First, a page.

We Need to Talk about Kevin

Past and present filtered delicately amongst a MTV music video style cinematography; at first the images seem rather obscure and unintelligible, as if director Lynne Ramsay wanted you like a surrealist painting to construct your own meaning and interpretation. However what eventually becomes obvious is the peeling back of a disturbed woman’s painfully and thinly a crafted veneer. As the fog of mystery begins to disappear we encounter a woman wrought with bad memories, tortured by regret and racked with guilt. Similar to Gus Van Sant’s haunting and incredibly shocking Elephant, We Need to Talk about Kevin also deals with America’s youth driven to commit unspeakable acts. But while Elephant dealt with a normal school day disrupted by gun shots and screams of pain, We Need to Talk about Kevin choses to focus instead on the aftermath and the stark effects such an event would have on a mother.

The very first shot of the film is seems to be set amongst the frantic carnage of the La Tomatina, a tomato throwing festival in Spain where Spaniards flock to the streets and hurl tomatoes at each other. The tomatoes envelope of the screen in a sea of red, but just like in Don’t Look Now, you are given the impression that the colour red will have some ominous undertones. But what is very peculiar in this scene is the way Eva (Tilda Swinton) seems rather mellow and serene as she is crowd surfaced amongst the tide of tomatoes and moving bodies. Her figures strikes a duality of religious meaning, on one side she takes an up a similar shape to Jesus on the cross sacrificing herself for someone else’s sin. While on the other hand she looks as if she is offering herself completely to a far greater force than herself, it is still unclear whether its force of good or evil.

Then in the vein of Terrance Malick’s Tree of Life the story then descends into an amalgamation of different points in Eva’s life. In the past she is vibrant, hedonistic creature experiencing the joys of first love and subsequent motherhood. However motherhood doesn’t quite lead to the blissful joy you would expect, because the relationship between Eva and young Kevin becomes a battle ground of wills and temperament. It starts of nonchalant, toddler Kevin refuses to play pass the ball with Eva, but as he grows older his sense of rebellion greatens and Eva tolerance wanes to the point she snaps in a moment of weakness and hurls Kevin against a wall and breaks his arm. Ironically despite the title no one ever talks about Kevin, while Eva is desperate to confide with his father, he quickly dismisses her at every turn because Kevin always plays the sweet card in his presents, then the moment he is out of the room his tone and facial expression quickly shifts to scorn and again he continues to gored and taunt his mother. While in the present she obsessively tries to clean a massive splatter of red on her house, at first it is unclear how the paint got there, but as we see the angered, disapproving glares from people on her way to work, you get the impression that the community like fire and pitch forks to Frankenstein, have sought to punish her for her creations wrong doings.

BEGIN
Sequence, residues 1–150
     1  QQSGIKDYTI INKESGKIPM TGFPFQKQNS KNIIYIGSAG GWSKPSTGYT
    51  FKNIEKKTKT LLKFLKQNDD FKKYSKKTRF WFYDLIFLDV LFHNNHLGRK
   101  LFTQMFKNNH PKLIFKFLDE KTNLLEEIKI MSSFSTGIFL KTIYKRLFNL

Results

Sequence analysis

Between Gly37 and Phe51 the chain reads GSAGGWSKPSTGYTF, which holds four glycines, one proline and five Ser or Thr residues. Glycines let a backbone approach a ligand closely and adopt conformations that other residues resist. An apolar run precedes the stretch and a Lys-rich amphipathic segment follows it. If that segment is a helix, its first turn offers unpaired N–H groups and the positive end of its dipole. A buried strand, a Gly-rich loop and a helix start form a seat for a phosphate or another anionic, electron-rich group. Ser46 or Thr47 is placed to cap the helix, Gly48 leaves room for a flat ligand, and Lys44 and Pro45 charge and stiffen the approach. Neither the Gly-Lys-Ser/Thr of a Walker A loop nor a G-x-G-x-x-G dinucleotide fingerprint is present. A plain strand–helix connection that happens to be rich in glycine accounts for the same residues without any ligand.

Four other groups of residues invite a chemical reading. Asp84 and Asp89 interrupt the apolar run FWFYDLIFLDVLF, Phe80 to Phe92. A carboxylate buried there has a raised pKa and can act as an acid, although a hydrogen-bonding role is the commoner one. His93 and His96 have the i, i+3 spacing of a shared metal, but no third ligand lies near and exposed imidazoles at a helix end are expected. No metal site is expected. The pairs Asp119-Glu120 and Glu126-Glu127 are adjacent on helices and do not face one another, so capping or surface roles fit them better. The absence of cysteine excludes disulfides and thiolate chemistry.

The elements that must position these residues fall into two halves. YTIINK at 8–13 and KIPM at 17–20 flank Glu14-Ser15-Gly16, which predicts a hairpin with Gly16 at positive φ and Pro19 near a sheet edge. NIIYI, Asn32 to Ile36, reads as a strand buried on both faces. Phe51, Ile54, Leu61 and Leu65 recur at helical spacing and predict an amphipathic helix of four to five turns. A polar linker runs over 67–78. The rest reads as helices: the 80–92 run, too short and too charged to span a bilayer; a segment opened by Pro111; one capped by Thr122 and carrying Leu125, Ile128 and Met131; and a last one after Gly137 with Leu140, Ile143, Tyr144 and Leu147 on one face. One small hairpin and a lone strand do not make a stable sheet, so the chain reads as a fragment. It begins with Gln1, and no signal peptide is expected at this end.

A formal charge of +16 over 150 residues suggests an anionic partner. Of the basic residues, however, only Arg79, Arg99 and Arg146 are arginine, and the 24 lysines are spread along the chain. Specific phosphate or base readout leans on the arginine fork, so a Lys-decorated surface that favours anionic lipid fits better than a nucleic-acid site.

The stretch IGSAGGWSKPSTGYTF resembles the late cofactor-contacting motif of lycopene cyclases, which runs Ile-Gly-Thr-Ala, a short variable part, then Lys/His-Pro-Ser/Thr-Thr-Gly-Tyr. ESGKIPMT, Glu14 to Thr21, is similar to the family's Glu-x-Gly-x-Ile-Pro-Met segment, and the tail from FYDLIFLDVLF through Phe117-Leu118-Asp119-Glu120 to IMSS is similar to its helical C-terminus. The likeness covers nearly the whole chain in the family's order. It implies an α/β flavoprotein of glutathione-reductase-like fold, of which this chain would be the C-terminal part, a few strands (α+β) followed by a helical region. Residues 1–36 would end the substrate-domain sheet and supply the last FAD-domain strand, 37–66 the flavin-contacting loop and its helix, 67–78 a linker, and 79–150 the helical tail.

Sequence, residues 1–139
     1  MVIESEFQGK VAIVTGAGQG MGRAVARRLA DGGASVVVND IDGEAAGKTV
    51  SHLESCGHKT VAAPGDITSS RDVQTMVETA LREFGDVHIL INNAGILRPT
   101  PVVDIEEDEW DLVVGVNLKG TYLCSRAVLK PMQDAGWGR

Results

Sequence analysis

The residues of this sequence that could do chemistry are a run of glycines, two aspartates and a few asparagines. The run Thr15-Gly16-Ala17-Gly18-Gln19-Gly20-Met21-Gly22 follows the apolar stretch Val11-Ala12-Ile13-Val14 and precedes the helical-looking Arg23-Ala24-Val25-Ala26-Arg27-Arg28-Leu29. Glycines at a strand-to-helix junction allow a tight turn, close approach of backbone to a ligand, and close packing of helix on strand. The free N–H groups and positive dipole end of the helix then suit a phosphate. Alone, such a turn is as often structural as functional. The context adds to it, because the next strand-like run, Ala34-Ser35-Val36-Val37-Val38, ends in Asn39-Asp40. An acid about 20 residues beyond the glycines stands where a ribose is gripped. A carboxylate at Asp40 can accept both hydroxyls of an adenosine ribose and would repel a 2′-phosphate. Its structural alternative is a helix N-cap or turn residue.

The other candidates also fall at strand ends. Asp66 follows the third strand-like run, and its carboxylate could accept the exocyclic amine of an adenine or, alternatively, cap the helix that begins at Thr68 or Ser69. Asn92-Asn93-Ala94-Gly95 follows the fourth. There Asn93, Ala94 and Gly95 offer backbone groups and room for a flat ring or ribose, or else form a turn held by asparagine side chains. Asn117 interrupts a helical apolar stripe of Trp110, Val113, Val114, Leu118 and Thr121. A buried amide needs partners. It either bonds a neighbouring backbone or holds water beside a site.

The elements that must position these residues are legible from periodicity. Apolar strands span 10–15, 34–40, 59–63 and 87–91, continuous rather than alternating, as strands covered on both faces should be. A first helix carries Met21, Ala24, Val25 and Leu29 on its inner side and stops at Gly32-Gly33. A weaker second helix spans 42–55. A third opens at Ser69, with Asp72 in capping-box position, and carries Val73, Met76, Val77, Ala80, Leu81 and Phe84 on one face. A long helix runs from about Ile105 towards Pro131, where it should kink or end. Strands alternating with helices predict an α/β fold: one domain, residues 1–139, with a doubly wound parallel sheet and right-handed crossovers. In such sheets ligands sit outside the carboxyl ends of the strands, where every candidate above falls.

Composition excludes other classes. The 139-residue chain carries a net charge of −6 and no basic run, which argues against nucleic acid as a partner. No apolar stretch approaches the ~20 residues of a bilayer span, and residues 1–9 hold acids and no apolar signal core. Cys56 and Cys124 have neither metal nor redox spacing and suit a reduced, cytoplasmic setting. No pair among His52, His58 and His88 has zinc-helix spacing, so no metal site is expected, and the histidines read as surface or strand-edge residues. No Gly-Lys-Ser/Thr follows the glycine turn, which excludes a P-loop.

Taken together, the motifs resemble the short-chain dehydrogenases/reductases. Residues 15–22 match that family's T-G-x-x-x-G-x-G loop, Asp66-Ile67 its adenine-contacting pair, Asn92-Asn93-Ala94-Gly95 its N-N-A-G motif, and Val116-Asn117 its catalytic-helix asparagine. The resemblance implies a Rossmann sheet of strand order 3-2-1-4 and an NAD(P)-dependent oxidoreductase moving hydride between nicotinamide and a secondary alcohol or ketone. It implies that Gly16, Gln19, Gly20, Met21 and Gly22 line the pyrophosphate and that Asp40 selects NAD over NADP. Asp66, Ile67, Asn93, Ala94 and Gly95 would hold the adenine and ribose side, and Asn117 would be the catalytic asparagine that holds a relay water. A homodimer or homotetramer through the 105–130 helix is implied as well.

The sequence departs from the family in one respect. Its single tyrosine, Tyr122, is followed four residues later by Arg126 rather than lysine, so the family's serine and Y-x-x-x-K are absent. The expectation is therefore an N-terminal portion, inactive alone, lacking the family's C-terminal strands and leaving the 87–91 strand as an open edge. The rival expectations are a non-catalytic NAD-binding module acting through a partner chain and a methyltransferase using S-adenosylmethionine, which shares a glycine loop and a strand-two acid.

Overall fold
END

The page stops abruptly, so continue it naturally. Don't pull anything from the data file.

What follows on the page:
The jumping in time frame was hugely effective, because you became grimly aware that while in the flashbacks eventually Eva gave birth to a baby girl, in the present Eva is completely alone with no husband or daughter to speak of. You really begin to fear for them when you suspect a now teenage (Ezra Miller) Kevin might have had a hand to play in the death of the daughter’s guinea pig and the loss of her eye. The scene when the parents confront Kevin with their grievances is probably the most striking and stomach turning scenes in the entire film. As Kevin being faced with the blame of his sister lost eye casually and nonchalantly continues with an open moth to chew on a lychee, its juices squirting everywhere and thus taking up a sinister and revolting meaning in regards to the loss of the sister’s eye.

Unquestionable the standing achievement of this film rests in the performances of Ezra and Tilda Swinton. Ezra every similar to Hannibal Lector from the Silence of the Lambs, he is dark, sinister yet fiercely intelligent, which makes him appear for more menacing as he makes you feel that he is constantly plotting and conspiring something evil. On the other hand, while it would be so easy to exhibit a lavish out pouring of emotion and pain; unlike her performance in Julia which is pompous and over the top, instead in We Need to Talk about Kevin Tilda keeps her emotions thinly beneath of the surface of her skin, until you start to see her character like a ticking time bomb not knowing when she is going to explode.

As the film draws towards an end, the first time mother and son talk in prison, leading to the exposure of the big, black twisted elephant in the room, the question of why? But while Eva seeks this opportunity to seek solace and closure, Kevin instead takes up the time to give a speech with subliminal critique of America’s obsession with serial killers, “I means it’s got so bad that half the people on TV, inside the TV they’re watching TV. What are these people watching, people like me?” However while a similar message goes relatively unnoticed in the bombastic, bullet drenched madhouse of Natural Born Killers, with We Need to Talk about Kevin the message is felt far more deeply, to the point it leaves a scare on your very subconscious.

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